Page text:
Restrictions on outsourcing the handling of personal information;
Prohibition on the export of personal information unless expressly permitted by law or otherwise approved by government authorities.
How do these restrictions compare to data privacy regulations in the U.S. and Europe?
The most significant way in which the guidelines are different from the U.S. and the European Union relates to the transfer of data. The U.S. has no general prohibition against transferring data across borders. Rather, U.S. companies that are regulated are expected to protect personal information wherever it is located—in the U.S. or outside of the U.S.
If these data security guidelines are enacted in China, express consent from an individual must be obtained in connection with the transfer of personal information to any other organization. Yet no exceptions are provided, unlike rules in other jurisdictions, such as the E.U., where sharing customer information is permitted without consent if it is necessary to complete a contract between the customer and the company. Without a clear definition of "other organizations," the guidelines could even prevent transfers of data to company affiliates and could be a significant impediment to outsourcing.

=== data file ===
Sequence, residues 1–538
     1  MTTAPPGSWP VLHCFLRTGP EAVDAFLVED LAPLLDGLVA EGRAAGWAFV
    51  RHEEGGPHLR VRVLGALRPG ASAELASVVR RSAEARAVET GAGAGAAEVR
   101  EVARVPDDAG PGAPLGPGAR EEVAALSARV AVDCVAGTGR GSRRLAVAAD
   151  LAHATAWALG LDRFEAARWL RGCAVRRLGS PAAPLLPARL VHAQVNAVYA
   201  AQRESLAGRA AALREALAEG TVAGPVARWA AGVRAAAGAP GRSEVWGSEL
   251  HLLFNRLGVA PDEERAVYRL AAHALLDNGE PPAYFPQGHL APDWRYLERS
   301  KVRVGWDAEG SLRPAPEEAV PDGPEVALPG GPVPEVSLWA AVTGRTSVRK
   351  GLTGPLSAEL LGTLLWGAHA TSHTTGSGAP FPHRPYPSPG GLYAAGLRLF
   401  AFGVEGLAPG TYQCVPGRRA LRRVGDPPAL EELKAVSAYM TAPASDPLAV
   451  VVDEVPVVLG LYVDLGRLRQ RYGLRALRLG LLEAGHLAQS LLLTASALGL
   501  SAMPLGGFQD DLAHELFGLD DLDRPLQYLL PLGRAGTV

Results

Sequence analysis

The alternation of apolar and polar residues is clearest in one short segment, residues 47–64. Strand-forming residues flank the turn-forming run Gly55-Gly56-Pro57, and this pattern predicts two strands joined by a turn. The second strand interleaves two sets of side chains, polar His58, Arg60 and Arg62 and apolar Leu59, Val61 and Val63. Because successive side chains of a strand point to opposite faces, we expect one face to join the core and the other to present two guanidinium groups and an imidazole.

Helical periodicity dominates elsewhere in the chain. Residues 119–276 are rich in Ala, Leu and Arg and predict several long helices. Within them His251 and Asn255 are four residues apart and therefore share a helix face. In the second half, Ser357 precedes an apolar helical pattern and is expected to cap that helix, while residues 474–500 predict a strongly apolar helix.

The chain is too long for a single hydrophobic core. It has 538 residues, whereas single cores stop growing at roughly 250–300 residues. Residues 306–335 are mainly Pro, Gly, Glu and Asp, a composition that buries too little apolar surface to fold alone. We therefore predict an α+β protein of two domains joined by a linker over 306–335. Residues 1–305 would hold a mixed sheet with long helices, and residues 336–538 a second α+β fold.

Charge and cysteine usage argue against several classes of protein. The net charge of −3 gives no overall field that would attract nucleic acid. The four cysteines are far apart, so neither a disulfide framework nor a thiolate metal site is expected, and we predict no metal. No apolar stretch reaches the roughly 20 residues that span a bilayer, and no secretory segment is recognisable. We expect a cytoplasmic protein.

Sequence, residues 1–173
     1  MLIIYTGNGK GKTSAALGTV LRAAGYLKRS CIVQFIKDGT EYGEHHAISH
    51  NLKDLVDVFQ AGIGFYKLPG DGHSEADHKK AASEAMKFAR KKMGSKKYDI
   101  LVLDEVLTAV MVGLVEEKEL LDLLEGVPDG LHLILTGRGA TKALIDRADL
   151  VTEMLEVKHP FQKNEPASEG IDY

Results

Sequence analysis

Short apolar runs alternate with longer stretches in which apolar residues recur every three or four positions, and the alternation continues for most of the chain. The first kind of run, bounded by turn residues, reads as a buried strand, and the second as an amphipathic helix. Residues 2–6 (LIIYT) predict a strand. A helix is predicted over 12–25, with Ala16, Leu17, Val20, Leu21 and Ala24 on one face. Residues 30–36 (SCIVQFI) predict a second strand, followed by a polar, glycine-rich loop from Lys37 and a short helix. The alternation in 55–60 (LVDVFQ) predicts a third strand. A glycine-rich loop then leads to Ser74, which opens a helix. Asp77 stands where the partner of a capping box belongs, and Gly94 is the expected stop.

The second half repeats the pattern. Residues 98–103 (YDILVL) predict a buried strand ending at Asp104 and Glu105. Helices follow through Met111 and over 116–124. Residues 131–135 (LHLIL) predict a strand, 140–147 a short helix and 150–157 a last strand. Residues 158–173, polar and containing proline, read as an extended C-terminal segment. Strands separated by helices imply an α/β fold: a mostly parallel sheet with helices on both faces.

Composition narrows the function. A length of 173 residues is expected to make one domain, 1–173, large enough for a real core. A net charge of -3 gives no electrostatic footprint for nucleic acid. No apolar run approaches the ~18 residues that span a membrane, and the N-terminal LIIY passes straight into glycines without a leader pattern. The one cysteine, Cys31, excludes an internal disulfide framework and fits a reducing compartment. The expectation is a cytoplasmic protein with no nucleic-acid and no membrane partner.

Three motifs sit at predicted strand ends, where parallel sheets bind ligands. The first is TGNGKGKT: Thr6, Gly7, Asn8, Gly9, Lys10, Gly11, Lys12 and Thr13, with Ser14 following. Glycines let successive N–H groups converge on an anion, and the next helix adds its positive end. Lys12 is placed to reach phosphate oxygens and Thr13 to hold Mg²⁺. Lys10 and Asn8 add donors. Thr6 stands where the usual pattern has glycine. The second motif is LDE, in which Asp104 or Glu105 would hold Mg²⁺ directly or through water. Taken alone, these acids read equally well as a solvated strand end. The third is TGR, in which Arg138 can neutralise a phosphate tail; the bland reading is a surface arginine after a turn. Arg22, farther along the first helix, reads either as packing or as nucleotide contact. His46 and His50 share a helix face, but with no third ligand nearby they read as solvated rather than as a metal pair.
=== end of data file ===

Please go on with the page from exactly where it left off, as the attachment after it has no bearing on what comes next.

Export of personal data from China would also be prohibited under the draft guidelines unless an exception was found under Chinese law. But without a clear Chinese law currently in effect, the guidelines, if made mandatory, would prohibit the export of such data even when a customer had consented.
That sounds like bad news for Western companies sending IT work to China—and for China's outsourcing industry.
This would likely have a crippling effect on the growing Chinese outsourcing industry. Companies would be reluctant to outsource customer data processing to China-based providers for fear of a prohibition on having such data returned to them. However, there are reasons to expect that export carve-outs will eventually be forthcoming, as other sections on outsourcing in the draft guidelines are very much in line with requirements in other countries.
How likely is it that these rules will be tweaked to allow exceptions for IT outsourcing?
The guidelines are still very much in draft form, and regulators have received a heavy volume of comments from the public. While on the surface, some of the restrictions on export of data would appear draconian, we expect that more explicit exceptions will be put in place—for example, allowing transfer of data to affiliates and transfer of data back to the companies which outsourced their data processing to a firm in China.
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